This shows how important technology, and indeed having the latest technology, was back then, which is something that arguably hasn't changed in today's society, in developed countries. In 1992 it was recorded that there were averagely 900 million television sets in use around the world, it was estimated that 201 million of these were in the United States alone.[4] How has the introduction of television therefore altered behaviours or cognitions of people since its invention in 1926? This is a key question which I shall later study in order to help me answer the question ''to what extent does television influence behaviour in young children?''

    • Word count: 4632
  4. Psychology - The Self Concept

    Self-esteem is also partly determined by how much the self-image differs from the ideal self." (Gross 2005). Lastly, there is the ideal self, which is how we would like to be. There are many factors which influence the self-concept, but relationships between people are seen as extremely important. Every situation that an individual is exposed to throughout life helps mould our "self." As humans we have the ability to see ourselves from the outside, and all through life we try to see what others see and our "self" revolves around the generalized other. We observe how others perceive us and we make conclusions depending on our observations.

    • Word count: 3922
  5. The Role of Early Relationships

    The first theory of child rearing was developed by Truby King he suggested babies should be toilet trained as young as possible, have a feeding routine and spend lots of time outdoors in order to reduce the chances of infant mortality and disease therefore cutting down the adult to child contact. We now realise that this would affect the child's opportunities to bond, develop relationships and attachment with its carers. During the 1950's and 1960's Benjamin Spock, who's theory is more child-lead than the previous, emphasised the importance of building a strong relationship between the child and its carers by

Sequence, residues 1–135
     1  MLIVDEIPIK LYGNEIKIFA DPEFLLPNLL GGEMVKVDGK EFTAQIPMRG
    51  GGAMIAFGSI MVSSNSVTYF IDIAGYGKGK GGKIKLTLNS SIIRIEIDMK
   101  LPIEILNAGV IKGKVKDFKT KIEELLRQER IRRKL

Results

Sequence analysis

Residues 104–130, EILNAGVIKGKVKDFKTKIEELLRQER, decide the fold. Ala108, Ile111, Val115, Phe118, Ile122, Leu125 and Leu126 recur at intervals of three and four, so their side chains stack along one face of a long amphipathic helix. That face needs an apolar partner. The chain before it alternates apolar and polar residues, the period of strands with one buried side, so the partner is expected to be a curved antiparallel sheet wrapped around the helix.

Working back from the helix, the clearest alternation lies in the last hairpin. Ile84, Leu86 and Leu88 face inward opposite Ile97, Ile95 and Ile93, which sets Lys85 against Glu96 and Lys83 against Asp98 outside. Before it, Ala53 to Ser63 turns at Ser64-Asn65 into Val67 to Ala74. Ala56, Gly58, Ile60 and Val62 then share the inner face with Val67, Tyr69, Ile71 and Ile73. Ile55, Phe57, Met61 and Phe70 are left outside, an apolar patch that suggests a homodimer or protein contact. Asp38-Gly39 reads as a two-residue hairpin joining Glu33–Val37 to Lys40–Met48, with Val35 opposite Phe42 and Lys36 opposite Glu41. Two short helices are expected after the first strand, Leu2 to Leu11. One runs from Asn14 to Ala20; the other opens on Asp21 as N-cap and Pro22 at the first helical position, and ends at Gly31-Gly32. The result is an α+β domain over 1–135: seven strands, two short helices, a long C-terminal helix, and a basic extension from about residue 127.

• Word count: 3219
  6. Psychology Cae Studies

    Thumbs down - what constituted healthy? How did they come to this judgement? Normal! What is normal? 4) The experiment was conducted at the prestigious Stanford University. The Prestige of the University will have impacted upon the subjects. Oh my god we are here at Stanford. If Stanford is doing this then it must be good and worthwhile. They wouldn't have me doing something that's not good for me. No matter what I feel I must behave as a dutiful subject. It's not hard to imagine the subjects thinking in this manner.

    • Word count: 6440
  7. Free essay

    Unmasking Anxiety with Cognitive Behavioral Therapy

    Xanax is in a class of medications called benzodiazepines which HealthCentral presents as producing, a calming effect by "enhancing the effects" of an unlisted body produced chemical (HealthCentral). Benzodiazepines, while taken by dose can, "...cause a dose-related central nervous system depressant activity varying from mild impairment of task performance to hypnosis" (PDR 2794). These long term side effects can affect the individual negatively. According to the Johns Hopkins Center website, Benzodiazepines are an effective treatment to ease anxiety. However, more than one third of individuals who take benzodiazepines for anxiety for more than one month become dependant on them.

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  8. chid psychology